Nonfiction Review by Tanis MacDonald

Stephen Collis, Almost Islands: Phyllis Webb and the Pursuit of the Unwritten (Vancouver: Talonbooks, 2018). Paperbound, 256 pp., $24.95.

Almost IslandsNot writing is having a moment. Anne Boyer’s Garments Against Women has two prose poems titled “Not Writing” and “What is ‘Not Writing’?”; and Ada Limón published “To what do we owe this pleasure: on the value of not writing,” in Aster(ix). I like how these writers discuss resistance to productivity and the glory of the ephemeral, but if I’m going to learn about not writing as a determined practice, I’d like to learn from Phyllis Webb. When Stephen Collis calls Webb “poetry’s old crone,” there is not a shred of disrespect in his tone, and his book about Webb, Almost Islands, is suffused with crone power at its finest. At once a book about writing, about mentors and questions, place and the respect for place, anarchy and resistance, Almost Islands is most profoundly about what it is to write about the state of not writing. Not writing is an audacious dare in our hyper-productive, perpetually reporting, wired world, and Collis admits early on that when he visits Webb on Salt Spring Island, he observes this dare with admiration and disquiet: “I nervously attend her not writing, as though assuming a commission, or standing guard at a grave.” The nerves and the waiting, the gravity of a commission and dedication of mourning: none are incidental metaphors for writing, or for friendship.

Almost Islands is a hybrid text with a difference, and Collis offers a wealth of genres as he unpacks the phenomenology of not writing: grief memoir, literary biography, a history of influences, and literary analysis of Webb’s poetry. In the hands of another writer, this could be a typical hagiography with no mystery, but Collis makes careful links to the spiritual in Webb’s world via the interconnected system of the biotariate, the more slippery vocabulary of political philosophy, and the need to counter the toxic history of colonization. Collis has produced a living archive and captured slivers of Webb’s mercurial consciousness as they manifest in her person and in her books, those she has written and those she owns. It is a relief to read of this kind of sustained resistance to producing words in an age where the performance of capitalist productivity barks at our heels.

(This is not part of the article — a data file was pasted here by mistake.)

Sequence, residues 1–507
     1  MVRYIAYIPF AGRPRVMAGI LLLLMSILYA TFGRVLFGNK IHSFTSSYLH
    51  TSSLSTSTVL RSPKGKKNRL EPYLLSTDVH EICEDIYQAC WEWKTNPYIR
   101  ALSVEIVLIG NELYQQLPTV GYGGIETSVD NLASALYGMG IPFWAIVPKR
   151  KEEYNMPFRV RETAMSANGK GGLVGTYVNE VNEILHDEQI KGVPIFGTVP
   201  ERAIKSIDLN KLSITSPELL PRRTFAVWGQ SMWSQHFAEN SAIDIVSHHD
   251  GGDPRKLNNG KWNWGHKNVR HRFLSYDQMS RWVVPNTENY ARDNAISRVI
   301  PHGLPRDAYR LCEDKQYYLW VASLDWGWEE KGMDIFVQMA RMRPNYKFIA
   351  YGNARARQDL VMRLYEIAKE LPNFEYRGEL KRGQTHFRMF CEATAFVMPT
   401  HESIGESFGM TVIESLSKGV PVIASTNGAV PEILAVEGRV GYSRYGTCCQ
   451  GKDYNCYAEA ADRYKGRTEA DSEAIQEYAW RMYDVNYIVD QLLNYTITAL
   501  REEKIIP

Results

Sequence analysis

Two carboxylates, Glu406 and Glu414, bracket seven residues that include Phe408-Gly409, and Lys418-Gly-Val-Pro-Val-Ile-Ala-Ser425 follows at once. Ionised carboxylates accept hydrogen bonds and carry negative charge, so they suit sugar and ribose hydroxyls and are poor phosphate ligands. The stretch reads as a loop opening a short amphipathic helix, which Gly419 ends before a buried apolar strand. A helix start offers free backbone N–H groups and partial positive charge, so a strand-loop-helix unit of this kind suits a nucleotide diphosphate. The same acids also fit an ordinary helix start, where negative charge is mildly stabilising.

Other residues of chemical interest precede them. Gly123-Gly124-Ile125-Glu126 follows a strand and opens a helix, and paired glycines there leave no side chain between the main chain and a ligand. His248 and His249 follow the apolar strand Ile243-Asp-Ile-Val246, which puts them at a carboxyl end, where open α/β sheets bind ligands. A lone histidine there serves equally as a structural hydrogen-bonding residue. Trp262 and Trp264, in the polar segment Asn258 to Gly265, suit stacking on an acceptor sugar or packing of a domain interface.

Leonard Cohen described his own not writing in 1972, in The Energy of Slaves: “The poems don’t love us anymore /…. You can call me Len or Lennie now / like you always wanted.” Asked about her silence on the page, P. K. Page insisted that poetry left her. In Almost Islands, the unwritten and its cognate, “failure,” are pursuits rather than negations of achievement. Webb’s “Poems of Failure,” to which Collis turns, are less failed than deliberately and strategically abandoned in her fidelity to possibility, her determination to remain “loyal to the silence.” The language Collis searches for and finds in Webb’s historical interest in anarchist movements is a language that respects that resonant silence of the unwritten. Failures are “simply new openings, new possibilities” in search of what Webb, then Collis, calls a “good masterpiece of work,” quoting Bartolomeo Vanzetti. Collis notes: “Poetry and anarchy: the names of those so-very-necessary escape hatches in genre and politics. Windows we sometimes need to leap from. Names for our unnameable desires.” Collis finds a range of meanings in Webb’s silences, reading them as finely as he reads her written texts. Webb has respected her impasse, weaving her desire to write via not writing into the silence that supplies this book with so many rich and lively contradictions.

Such movements are structural, as well as critical; the trips Collis takes to and from Salt Spring Island via ferry suggest that islands and almost islands are infinitely motile, outlined and blurred by the currents of Active Pass, that geographical place of moving stasis between islands with currents that yank vessels to and fro. There is an enacted pun at work on the exploded binary of active/passive, the active impasse through which Collis passes with the action of writing about not writing, and through which we pass, again and again, reading Collis’s visits to Webb, firmly aboard the book as transport.

And may I note the profound feminist pleasure of reading a lengthy text that features so prominently a woman’s engagement with art and a man’s admiration of that engagement? Books that delineate a male poet’s abiding respect for an older female mentor are just too few, as are descriptions like Collis’s, via Edmond Jabès, of poetry towards the end of the book: “the writing of what cannot be shared, only sacrificed.” Collis’s deep appreciation of and continued interest in Webb’s decades-long deliberate meditation on meaning is hope in action: not hope that she will write again, but rather hope that both acts—writing and not writing—are a sustained engagement with the terror and joy of suspension. In teaching, writing, and publishing, in mentoring young writers and talking about the craft of writing, I note that writers often have the irrational impulse to publish before we write, an existential temporal dilemma that can haunt the seasoned poet as much as the new writer. Almost Islands is an antidote to our insistent ghosting of our work. It is (almost) enough to convince me not to write another word.

—Tanis MacDonald

As in The Malahat Review, 207, Summer 2019